I asked the journalist why she had not included any statements from PCCs and she said that they had not given any information different to Forces. This is patently untrue, not least because Forces don’t control Chief Officer’s contracts, only PCCs do. My suspicion was borne out when I noted a set of tweets from Nick Alston, the previous PCC for Essex Police. Â <blockquote class=”twitter-tweet” data-lang=”en”><p lang=”en” dir=”ltr”>There’s rubbish in the press about <a href=”https://twitter.com/EssexPoliceUK”>@EssexPoliceUK</a> Chief Constable Kavanagh’s pay. Here is what I said openly in 2013 <a href=”https://t.co/IajCeDFqK2″>https://t.co/IajCeDFqK2</a></p>— Nick Alston (@NickAlston_cm1) <a href=”https://twitter.com/NickAlston_cm1/status/763019200189399040″>August 9, 2016</a></blockquote>
Nick asked the author of the article if she had read his report from 2013 – she did not answer him but continued to print allegations about the Essex Chief Constable despite clearly proferred evidence that they were untrue. A short scroll back in his Twitter Timeline will show you a series of tweets from his explaining the facts very clearly. He was ignored by the Daily Mail. In fact, at the time of appointing CC Kavanagh to Essex, Nick posted this to his PCC websiteÂ http://www.essex.pcc.police.uk/news/some-comments-on-the-new-chief-constables-remuneration/ Fairly transparent, fairly open, certainly offering more information than the Daily Mail journalist was able to find despite ‘100’s of FOIs’. She really wasn’t looking in the right places.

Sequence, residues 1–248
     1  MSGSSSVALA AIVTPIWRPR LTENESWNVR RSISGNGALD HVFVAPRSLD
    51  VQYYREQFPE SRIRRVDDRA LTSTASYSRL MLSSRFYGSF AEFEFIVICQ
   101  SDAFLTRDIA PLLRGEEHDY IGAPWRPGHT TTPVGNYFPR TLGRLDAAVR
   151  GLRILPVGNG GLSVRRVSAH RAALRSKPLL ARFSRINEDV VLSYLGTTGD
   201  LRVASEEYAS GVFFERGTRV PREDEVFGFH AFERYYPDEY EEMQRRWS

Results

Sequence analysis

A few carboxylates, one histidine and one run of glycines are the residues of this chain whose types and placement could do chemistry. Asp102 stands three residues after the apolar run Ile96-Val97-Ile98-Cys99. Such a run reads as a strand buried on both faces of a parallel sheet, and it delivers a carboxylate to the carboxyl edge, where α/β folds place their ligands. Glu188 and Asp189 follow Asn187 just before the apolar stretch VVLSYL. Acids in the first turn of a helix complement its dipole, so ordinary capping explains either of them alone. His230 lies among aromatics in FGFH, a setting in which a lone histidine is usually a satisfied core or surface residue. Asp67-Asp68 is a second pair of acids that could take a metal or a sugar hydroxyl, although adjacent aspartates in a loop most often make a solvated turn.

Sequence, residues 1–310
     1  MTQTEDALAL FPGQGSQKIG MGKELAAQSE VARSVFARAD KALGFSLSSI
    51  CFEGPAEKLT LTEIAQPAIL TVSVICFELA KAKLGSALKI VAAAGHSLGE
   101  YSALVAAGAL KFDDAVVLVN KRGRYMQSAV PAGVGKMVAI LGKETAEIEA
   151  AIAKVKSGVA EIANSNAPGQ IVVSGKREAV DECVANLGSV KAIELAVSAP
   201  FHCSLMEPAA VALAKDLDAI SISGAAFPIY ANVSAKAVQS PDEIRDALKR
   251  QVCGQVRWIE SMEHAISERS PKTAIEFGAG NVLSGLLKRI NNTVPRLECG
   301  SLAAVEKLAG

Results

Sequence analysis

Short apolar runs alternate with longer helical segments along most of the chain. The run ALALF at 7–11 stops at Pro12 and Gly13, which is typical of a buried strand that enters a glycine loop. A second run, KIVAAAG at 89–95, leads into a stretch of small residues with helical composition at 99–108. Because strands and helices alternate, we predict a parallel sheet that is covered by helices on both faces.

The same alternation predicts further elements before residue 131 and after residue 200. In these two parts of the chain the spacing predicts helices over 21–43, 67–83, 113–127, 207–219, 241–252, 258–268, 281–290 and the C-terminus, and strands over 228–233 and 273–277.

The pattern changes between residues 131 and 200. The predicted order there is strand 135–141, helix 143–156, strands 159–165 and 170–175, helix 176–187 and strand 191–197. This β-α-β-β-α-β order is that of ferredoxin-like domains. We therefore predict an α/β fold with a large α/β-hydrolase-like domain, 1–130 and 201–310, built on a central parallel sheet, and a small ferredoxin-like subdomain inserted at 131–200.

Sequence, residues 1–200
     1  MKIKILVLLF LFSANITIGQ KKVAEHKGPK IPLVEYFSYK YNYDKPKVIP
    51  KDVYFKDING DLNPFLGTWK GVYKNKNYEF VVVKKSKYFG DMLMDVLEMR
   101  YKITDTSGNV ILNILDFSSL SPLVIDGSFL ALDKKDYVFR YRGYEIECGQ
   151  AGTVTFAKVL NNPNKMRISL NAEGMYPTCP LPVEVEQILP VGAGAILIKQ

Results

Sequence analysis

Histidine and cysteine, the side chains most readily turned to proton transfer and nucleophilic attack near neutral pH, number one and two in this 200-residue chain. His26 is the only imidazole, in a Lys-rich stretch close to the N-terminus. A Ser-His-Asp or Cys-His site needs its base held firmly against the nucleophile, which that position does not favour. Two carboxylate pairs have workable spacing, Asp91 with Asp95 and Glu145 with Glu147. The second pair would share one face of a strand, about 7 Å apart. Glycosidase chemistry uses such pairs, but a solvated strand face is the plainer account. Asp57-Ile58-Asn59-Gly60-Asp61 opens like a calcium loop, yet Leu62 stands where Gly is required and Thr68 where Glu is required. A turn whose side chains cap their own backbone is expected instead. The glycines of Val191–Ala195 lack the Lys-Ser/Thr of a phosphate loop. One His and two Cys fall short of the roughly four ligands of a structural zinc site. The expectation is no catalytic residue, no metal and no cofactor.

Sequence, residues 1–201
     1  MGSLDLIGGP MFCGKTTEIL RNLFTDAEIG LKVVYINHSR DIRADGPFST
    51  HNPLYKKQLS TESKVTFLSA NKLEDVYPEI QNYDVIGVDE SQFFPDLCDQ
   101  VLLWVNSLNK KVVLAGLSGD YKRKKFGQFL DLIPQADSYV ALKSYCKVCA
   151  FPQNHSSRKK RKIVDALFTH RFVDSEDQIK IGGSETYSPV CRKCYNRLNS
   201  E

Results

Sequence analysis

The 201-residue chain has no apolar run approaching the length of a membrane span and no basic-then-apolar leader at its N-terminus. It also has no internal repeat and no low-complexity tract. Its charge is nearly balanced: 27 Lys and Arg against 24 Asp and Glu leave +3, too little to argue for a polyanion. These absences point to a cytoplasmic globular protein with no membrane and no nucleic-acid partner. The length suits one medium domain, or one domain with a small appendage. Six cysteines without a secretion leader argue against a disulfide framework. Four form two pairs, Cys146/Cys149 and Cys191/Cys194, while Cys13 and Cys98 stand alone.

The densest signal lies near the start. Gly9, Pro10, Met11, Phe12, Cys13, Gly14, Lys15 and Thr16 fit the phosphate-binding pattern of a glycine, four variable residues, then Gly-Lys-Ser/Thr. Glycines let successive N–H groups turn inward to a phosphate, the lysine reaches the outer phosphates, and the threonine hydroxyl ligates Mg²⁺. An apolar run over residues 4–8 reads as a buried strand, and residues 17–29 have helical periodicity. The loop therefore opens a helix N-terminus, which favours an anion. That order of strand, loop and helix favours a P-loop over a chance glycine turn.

In conclusion, if you have a query about a Chief’s remuneration, ask your OPCC because they are the office where the decisions were made. The Force has no control over their Chief’s contract. Similarly, if you don’t like the contract, it’s your PCC who needs to know this. Not the Chief and not the Force. When PCCs were created, the regulations were changed slightly so that they could award a salary plus or minus 10%. It is at their discretion and they must balance attracting good staff in an increasingly diminished pool whilst balancing the severe suffering under stringent cuts. This is the picture today. Much of the bad feeling is actually about the recent past, when Police Authorities were made up of local Government officers used to big salaries and excellent benefits. Those days are Â very much over. We cannot change the past but we can change the future. Kicking any rank for the sins of their fathers is unproductive, negative and amounts to corporate self harm. Everyone in Policing, from PCSOs to Chief Constables, PCs, support staff – everyone deserves cohesive and positive support during these difficult times. Allowing a paper of ill repute to turn rank against rank is a mistake and I hope this blog goes some way to explaining why I think a race to the bottom benefits nobody.